Stephanie Lee (far right) is one of the Assistant Directors of Public Affairs for Laurier’s International Students Overcoming War (ISOW) program. Taking your research from the classroom or lab and into the real world is always a goal of many university researchers. For Wilfrid Laurier professor and global affairs researcher Gavin Brockett, the wheels were set in motion almost four years ago during a first-year seminar on the Israeli-Palestinian conflict. As the students were finishing…

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Using music to improve hearing, build social connection

SMART Lab’s senior choir, Brainstem Malfunction, performs with director Frank Russo on guitar and graduate student Ella Dubinsky on keyboard. Researchers at Ryerson University’s SMART Lab are making more than just music. With the help of the Chang School, industry partners, and a couple of dozen or so seniors, they’re making a social impact as well. Frank Russo, psychology professor and director of the Science of Music, Auditory Research, and Technology (SMART) Lab, and graduate…

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How fruit flies can help the mining industry

This post is an updated version of an older researcher profile on Laurentian University’s Thomas Merritt. Can fruit flies and microbes help lessen the damage caused by mining? That’s a question Thomas Merritt, Canada Research Chair in Genomics and Bioinformatics, is working to answer. Merritt and collaborator Nadia Mykytczuk, NOHFC Industrial Research Chair in Biomining, Bioremediation and Science Communication, are working to find ways to mitigate the damage caused by acid mine drainage—the highly acidic waste…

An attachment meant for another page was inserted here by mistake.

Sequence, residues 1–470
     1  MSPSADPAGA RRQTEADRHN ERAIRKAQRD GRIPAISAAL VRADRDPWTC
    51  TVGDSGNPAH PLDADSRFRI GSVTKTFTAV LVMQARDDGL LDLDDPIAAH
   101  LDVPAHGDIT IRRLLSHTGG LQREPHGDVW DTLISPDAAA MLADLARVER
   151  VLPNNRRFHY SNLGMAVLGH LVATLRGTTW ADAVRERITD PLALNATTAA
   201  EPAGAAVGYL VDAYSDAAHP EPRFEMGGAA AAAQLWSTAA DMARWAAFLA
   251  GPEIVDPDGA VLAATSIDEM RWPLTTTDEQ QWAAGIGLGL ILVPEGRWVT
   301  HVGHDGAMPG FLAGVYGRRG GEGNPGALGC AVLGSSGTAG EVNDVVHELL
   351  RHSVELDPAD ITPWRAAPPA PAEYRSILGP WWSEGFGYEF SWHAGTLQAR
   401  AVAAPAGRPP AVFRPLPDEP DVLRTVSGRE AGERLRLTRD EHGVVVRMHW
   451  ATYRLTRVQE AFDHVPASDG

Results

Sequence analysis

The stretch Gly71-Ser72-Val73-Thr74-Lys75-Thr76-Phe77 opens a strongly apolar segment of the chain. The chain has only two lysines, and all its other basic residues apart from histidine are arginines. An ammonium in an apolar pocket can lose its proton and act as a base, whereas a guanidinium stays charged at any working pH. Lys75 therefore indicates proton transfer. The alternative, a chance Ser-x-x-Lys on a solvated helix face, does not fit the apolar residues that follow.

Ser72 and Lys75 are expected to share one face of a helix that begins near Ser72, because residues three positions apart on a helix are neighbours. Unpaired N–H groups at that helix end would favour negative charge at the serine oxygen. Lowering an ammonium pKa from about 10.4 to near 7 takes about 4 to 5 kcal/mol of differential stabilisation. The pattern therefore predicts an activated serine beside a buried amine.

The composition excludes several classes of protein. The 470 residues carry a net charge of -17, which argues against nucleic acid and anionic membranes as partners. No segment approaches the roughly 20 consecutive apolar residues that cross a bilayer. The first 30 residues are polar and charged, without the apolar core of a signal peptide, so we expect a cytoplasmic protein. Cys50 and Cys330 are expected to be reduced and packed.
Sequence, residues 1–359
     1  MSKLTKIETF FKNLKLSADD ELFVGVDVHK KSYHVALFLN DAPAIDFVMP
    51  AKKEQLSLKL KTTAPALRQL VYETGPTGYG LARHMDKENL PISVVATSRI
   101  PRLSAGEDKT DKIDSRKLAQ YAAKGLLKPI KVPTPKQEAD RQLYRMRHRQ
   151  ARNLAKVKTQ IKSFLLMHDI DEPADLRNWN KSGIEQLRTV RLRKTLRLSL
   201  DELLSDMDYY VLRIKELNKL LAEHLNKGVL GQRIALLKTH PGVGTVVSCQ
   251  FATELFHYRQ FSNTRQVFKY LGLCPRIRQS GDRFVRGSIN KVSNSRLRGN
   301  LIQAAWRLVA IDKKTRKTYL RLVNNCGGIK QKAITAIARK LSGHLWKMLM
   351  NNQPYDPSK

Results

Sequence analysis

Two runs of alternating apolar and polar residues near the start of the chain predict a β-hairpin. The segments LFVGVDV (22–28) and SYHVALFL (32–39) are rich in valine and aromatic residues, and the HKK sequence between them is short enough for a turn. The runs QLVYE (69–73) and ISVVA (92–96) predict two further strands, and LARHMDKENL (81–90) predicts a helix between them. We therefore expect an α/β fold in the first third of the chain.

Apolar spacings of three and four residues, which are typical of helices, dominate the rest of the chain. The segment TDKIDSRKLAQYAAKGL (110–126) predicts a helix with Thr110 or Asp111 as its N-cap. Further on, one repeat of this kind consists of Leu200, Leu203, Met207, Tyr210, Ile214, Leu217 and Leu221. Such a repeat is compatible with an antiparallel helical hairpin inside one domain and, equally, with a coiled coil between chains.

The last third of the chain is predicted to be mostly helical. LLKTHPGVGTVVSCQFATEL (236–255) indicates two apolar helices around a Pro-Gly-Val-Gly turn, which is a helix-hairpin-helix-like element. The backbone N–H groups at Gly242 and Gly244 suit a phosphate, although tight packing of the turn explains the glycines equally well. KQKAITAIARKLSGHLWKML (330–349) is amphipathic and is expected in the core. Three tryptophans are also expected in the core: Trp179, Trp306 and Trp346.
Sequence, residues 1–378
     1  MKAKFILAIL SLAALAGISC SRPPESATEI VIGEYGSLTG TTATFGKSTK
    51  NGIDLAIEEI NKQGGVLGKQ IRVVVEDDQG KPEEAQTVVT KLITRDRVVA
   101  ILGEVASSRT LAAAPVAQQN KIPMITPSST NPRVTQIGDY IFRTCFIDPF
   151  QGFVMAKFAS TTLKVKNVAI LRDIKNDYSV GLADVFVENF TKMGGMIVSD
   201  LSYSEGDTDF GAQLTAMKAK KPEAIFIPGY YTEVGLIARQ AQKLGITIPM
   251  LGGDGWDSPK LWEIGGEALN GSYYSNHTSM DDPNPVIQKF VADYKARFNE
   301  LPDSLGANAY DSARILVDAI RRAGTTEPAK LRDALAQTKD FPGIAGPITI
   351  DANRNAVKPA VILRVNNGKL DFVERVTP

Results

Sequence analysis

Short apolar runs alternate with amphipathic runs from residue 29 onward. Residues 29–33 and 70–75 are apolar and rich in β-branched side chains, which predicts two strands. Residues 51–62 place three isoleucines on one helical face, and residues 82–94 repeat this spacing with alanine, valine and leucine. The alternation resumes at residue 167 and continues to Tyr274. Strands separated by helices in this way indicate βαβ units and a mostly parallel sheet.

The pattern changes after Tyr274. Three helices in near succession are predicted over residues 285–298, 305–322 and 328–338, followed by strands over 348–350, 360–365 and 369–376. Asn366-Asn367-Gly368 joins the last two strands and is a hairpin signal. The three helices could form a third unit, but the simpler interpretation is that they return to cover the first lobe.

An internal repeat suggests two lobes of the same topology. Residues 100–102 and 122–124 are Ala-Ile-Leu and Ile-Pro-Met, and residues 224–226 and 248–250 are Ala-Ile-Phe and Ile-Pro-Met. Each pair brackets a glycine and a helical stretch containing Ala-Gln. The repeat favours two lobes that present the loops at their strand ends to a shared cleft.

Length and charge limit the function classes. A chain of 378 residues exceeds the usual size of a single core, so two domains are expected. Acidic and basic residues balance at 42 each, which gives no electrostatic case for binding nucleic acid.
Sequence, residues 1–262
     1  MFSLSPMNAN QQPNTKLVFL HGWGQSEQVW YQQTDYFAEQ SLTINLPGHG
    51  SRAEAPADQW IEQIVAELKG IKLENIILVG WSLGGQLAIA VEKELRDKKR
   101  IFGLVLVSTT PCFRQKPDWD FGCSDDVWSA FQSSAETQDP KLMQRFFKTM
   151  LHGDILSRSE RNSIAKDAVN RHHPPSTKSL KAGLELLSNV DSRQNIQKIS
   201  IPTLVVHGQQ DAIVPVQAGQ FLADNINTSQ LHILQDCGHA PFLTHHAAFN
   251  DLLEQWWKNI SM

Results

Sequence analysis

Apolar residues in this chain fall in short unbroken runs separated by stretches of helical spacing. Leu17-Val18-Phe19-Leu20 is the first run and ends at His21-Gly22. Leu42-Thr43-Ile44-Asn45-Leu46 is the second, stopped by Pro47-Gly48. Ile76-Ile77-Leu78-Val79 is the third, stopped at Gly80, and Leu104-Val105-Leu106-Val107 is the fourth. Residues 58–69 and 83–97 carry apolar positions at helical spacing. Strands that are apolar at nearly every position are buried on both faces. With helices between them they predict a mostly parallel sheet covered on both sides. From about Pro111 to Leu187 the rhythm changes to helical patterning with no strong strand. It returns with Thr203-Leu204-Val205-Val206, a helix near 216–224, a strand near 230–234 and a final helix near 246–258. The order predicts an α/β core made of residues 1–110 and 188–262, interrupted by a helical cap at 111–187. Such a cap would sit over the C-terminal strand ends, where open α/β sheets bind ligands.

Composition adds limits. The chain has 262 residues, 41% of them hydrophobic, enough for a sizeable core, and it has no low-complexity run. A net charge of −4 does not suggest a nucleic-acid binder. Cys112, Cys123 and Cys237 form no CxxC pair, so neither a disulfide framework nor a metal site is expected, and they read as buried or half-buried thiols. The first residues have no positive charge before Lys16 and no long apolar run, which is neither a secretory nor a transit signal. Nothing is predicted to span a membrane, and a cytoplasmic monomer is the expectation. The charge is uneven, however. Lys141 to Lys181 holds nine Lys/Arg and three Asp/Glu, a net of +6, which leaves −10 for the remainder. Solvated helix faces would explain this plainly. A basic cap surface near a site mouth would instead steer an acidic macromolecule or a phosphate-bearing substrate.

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University of Toronto prof examines teachers’ college admissions and equity

Ruth Childs is an expert in assessing how we decide who does, and doesn’t, get into university. The Ontario Institute for Studies in Education professor, along with her graduate research students, is currently shining a spotlight on teacher-training programs. (Marianne Madeline Lau) Every second Thursday, we will be featuring an Ontario Research Chair (ORC) from one of the province’s universities. ORCs are university research professorships created to drive provincial research and develop excellence, to create world-class…

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Teaching future teachers about legacy of residential schools

Studying the War of 1812 in Grade 8 History class left a greater impression on Kiera Brant than it does on most 14-year-olds. On the Tyendinaga First Nation near Belleville, Ontario, Brant’s class learned about the Mohawk and Iroquois contributions to the war. It wasn’t until she left the community that she discovered not all people know about the war through this perspective. “It was a very different reality moving away from the reserve,” says…